December 3, 2017

J. Todd Hawkins

SOMETHING LESS

Farewell, farewell, you old rhinoceros,
I’ll stare at something less prepoceros
—Ogden Nash

The hook of moon in the afternoon sky—I see horns everywhere!
The splash of blood, the thin white thigh. (I see horns everywhere.)

They said its skin is armor, bulletproof, iron. Yet, skin
Is skin is keratin. Of course, it’s lies. I see horns everywhere.

In the center squints a gray marble, ringed in wrinkles.
It drowns in the pit of my eyes’ sea. Horns everywhere.

The fever would not break. She poured the powder in the pot.
“Drink or else get sick and die.” I see horns everywhere.

My tongue too long a willow in dust. My father warned, “Squeeze!
Don’t jerk, or you’ll shoot too high.” I see horns everywhere.

Javan, Sumatran, Black, White: the hurricane
of cream in the coffee’s eye. I see horns everywhere.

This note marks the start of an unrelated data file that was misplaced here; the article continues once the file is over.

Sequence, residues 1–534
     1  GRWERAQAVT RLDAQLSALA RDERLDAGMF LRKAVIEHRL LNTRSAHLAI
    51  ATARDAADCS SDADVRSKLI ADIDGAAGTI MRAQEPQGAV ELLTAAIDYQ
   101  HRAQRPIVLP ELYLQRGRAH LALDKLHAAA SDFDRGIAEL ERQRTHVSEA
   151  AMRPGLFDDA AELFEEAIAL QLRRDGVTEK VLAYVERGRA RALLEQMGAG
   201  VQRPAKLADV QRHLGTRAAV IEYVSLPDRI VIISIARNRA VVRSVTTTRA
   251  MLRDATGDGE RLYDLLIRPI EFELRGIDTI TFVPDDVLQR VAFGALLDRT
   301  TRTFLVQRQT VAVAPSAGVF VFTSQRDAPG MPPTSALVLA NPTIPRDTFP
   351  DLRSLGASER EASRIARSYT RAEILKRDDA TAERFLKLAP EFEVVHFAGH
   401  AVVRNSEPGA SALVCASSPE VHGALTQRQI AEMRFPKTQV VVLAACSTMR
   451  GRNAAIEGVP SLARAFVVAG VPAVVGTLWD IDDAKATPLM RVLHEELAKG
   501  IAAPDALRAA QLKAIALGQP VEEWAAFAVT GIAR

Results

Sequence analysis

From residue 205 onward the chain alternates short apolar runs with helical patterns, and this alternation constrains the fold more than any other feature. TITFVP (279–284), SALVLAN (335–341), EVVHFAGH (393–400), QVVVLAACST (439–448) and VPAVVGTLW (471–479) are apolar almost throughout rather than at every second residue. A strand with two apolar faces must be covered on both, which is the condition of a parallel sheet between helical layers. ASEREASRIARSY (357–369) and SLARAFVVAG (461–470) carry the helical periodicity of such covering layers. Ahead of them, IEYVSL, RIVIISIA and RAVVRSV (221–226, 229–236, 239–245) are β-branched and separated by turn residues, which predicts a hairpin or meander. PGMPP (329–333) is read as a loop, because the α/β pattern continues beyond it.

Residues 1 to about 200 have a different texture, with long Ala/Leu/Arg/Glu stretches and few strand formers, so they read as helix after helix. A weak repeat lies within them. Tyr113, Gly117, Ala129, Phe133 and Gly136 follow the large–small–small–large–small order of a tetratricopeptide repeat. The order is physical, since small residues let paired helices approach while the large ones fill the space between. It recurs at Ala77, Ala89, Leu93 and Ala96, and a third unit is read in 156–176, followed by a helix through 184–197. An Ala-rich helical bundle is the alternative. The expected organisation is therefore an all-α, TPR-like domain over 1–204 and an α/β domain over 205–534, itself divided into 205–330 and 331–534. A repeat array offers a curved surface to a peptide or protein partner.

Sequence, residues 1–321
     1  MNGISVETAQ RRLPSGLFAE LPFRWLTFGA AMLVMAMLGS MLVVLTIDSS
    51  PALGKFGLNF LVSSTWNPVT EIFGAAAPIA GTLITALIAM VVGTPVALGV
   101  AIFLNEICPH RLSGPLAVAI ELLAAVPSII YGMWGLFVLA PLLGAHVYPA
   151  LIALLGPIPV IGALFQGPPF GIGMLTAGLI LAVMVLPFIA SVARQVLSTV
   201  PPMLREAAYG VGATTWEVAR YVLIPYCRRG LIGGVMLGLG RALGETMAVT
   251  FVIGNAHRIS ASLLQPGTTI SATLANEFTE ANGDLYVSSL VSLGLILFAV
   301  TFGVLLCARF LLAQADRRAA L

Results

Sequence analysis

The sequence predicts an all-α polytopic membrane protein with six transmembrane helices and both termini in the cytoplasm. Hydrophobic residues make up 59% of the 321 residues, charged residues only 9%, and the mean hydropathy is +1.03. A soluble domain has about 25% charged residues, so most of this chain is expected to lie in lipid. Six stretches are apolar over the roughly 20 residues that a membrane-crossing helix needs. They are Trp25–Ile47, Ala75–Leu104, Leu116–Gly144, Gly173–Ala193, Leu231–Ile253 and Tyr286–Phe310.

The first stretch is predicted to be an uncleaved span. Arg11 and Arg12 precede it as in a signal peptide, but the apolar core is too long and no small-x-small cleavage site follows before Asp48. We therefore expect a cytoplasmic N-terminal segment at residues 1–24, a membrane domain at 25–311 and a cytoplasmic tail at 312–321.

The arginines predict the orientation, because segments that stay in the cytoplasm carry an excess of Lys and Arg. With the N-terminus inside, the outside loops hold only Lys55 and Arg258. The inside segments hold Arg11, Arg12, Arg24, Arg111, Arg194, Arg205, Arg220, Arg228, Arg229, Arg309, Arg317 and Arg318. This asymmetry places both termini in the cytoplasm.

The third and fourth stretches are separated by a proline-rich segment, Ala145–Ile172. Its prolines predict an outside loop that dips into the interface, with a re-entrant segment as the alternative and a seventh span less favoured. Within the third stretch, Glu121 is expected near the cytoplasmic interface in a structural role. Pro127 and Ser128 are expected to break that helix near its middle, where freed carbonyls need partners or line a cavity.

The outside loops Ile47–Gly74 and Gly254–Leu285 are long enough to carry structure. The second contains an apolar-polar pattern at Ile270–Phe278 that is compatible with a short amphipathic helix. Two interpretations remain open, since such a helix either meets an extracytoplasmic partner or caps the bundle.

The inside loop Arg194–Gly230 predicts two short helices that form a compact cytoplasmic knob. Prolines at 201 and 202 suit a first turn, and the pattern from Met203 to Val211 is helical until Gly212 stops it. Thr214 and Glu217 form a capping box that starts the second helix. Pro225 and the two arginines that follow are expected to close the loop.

Above the zoo pit, looking down from the bridge. I ask,
“Is he sleeping?” “No, Son,” she cries. I see horns everywhere.

We were told to press our feet to the ground, like him, trusting
it to meet us, but instead, there was sky. I see horns everywhere.

“Do they ever grow back?” she asks through an interpreter.
The bright pink flesh-pit covered with flies. “I see.” Horns everywhere.

That night in Jakarta, you sent shards of chill down my spine. The traffic,
sweat-dreams, we stopped ships all the way to Shanghai. Icy horns, everywhere.

The dictionary entry is already written in past tense.
Don’t believe me? Look it up—F, G, H, I, I see. Horns everywhere.

We hear the spiny echo, find the massive shadow against the trees.
Broken toy creatures under the baby’s chair. I sigh. I see. Horns everywhere.

from Poets Respond
December 3, 2017

[download audio]

__________

J. Todd Hawkins: “This ghazal was written in response to to the recent viral photo post of the last male northern white rhino in the world. There’s a great tradition of rhino poetry, from Ogden Nash to Edward Hirsch, so it felt engaging, participatory to consider this piece in that context. The geographic history of the ghazal seemed a good fit for the content.” (website)

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